How To Get An Increase In Credit LimitNovember 17, 2011 - 4:26 pm
When you apply for a credit card, you may get approval for a credit card but not at the spending limit you were counting on. Credit card providers are stricter with their guidelines these days as more consumers are struggling with credit problems and debts they can’t seem to eliminate.
Credit card companies can not afford to take big risks with consumer defaults so if they are willing to offer a preliminary approval of a credit card but not at the credit card limit you needed, don’t give up just yet. There is still some hope.
Understand the Role of a Credit Score
Credit card providers will investigate the application for credit and ensure the applicant meets their eligibility requirements. In addition to have steady employment, card providers look carefully at the credit score and credit histories of the consumer. If the score is low or the history report reflects some money mistakes in the past, the card provider can set the spending limit of the new card based on that past credit information.
While you may not have the worst score in America, you may not have the strongest credit history at this point. The credit card company will grant you access to the card but likely will only allow a few hundred dollars in spending limits. This will limit how much money they lose should you default on the card.
How to Raise Your Credit Limit
In order to get a higher credit limit on your new credit card so you’ll have access to more spending power, consider the following tips for seeking an increase:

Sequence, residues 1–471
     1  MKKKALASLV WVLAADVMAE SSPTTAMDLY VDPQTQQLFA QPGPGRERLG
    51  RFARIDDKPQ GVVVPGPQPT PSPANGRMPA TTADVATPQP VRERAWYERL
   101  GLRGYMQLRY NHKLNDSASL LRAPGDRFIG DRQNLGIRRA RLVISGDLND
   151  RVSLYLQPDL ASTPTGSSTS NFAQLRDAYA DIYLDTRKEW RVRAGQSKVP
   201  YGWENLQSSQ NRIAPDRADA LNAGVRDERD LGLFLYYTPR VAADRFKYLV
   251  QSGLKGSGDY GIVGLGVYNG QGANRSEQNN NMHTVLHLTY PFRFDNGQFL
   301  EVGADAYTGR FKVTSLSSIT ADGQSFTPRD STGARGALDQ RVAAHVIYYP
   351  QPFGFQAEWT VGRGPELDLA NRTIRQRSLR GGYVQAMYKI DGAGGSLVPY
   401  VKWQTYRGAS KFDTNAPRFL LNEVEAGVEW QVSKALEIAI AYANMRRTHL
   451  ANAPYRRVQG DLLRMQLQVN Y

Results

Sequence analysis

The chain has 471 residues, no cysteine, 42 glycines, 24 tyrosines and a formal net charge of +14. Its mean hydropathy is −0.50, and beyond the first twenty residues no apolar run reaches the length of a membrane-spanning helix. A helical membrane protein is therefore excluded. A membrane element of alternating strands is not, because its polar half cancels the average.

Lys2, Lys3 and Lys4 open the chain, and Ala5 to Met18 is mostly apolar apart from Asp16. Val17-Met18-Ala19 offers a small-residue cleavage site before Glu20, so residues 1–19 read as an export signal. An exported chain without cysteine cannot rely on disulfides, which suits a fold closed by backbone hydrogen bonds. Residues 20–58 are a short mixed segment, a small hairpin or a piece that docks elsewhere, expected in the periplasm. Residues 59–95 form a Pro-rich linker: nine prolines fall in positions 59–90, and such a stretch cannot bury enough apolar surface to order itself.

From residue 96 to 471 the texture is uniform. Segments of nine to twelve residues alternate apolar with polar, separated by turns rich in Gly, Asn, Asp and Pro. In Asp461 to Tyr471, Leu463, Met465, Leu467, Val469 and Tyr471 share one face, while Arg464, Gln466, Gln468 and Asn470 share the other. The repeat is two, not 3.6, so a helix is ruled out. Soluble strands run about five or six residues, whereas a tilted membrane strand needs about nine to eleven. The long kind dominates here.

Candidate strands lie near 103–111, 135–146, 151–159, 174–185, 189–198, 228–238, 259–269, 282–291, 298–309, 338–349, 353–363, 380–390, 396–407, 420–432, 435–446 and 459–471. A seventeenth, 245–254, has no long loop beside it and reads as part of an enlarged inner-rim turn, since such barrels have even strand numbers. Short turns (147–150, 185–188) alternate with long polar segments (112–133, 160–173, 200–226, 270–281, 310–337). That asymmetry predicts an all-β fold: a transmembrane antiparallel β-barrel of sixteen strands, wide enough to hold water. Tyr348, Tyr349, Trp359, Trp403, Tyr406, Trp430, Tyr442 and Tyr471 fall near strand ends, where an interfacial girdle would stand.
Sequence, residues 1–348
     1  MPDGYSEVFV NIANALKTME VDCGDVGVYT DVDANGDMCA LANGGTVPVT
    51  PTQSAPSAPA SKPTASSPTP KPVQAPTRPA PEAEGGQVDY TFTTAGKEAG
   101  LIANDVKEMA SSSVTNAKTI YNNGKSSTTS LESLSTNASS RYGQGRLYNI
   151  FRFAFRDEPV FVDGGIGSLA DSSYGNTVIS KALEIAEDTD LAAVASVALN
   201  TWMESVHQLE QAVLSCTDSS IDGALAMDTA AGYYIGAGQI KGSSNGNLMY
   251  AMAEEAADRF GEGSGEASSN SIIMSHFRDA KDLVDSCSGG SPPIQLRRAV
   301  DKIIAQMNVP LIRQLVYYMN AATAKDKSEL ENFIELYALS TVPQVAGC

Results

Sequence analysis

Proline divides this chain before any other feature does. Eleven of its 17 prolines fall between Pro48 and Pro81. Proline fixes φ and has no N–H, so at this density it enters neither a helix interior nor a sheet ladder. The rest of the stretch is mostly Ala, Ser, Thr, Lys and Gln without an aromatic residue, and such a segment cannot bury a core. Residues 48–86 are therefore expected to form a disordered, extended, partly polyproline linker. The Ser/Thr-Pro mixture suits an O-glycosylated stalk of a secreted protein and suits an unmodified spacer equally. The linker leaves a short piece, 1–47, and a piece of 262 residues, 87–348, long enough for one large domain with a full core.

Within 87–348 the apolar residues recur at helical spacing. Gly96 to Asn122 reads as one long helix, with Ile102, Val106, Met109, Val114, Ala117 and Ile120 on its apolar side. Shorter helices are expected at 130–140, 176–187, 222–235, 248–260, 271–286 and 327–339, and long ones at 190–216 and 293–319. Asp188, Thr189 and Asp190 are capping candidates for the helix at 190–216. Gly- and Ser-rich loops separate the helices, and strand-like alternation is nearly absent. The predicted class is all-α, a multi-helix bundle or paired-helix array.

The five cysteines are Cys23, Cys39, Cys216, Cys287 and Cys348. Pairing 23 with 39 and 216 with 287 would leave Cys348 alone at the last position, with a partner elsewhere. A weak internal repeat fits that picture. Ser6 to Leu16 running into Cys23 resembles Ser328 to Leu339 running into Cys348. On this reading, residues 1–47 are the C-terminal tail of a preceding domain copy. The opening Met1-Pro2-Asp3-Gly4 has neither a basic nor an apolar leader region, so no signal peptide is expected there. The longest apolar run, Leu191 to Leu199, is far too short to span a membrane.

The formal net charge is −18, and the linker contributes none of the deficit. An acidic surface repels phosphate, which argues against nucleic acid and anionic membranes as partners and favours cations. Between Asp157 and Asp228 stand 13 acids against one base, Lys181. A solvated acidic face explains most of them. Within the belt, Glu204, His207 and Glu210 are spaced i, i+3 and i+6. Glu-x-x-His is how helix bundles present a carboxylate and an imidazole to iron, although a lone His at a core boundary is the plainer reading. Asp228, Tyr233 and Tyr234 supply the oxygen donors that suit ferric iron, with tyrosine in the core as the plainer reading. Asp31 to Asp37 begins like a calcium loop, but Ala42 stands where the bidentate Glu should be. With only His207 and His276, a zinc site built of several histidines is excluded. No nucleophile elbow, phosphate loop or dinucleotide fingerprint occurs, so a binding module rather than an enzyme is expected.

Pay On Time
In order to have some kind of bargaining power, you need to do everything you can to prove you are a reliable, responsible customer. One big issue for credit card companies is the payment of balances on time each month. Not only does this information affect your credit score, it also builds the confidence of your credit card company that you can use credit wisely.
Making huge purchases on a credit card without the ability to pay off the balance in full at the end of the billing cycle may signal you are a reckless spender. It is better to make small purchases on a credit card and then pay off the balance in full. Emergency situations may be the only exception to this rule. Overextending your credit limits means you’ll pay high fees and your credit score can drop as a result of not spending on credit cards within reason.
Eliminate Other Debts
In order to improve your overall financial life, it is wise to reduce as much of your debt load as you can afford to do each month. By freeing up your credit card limits and getting rid of monthly expenses, you’ll be able to show the card company you are working to improve your credit and are more responsible for your spending. Eliminating your debts also makes it easier to save for the short and long-term which give you more financial stability.
Contact Them Directly
If, after your efforts to improve your credit standing, your credit card company has not automatically increased your credit spending limits, you do have the option to contact the company directly and request an increase based on your past performance and current credit rating. Not all companies will be willing to honor your request when you initially open an account but after a few months of responsible spending and payments, many will oblige your request.
Credit Increase Caveat
Before you inquire about an increase in your spending limits on your credit card, make sure you are making the request because it makes sense for your financial life and not simply because you want a high number. Increased limits do give you more spending power but can also tempt you into spending more than you can afford to pay back.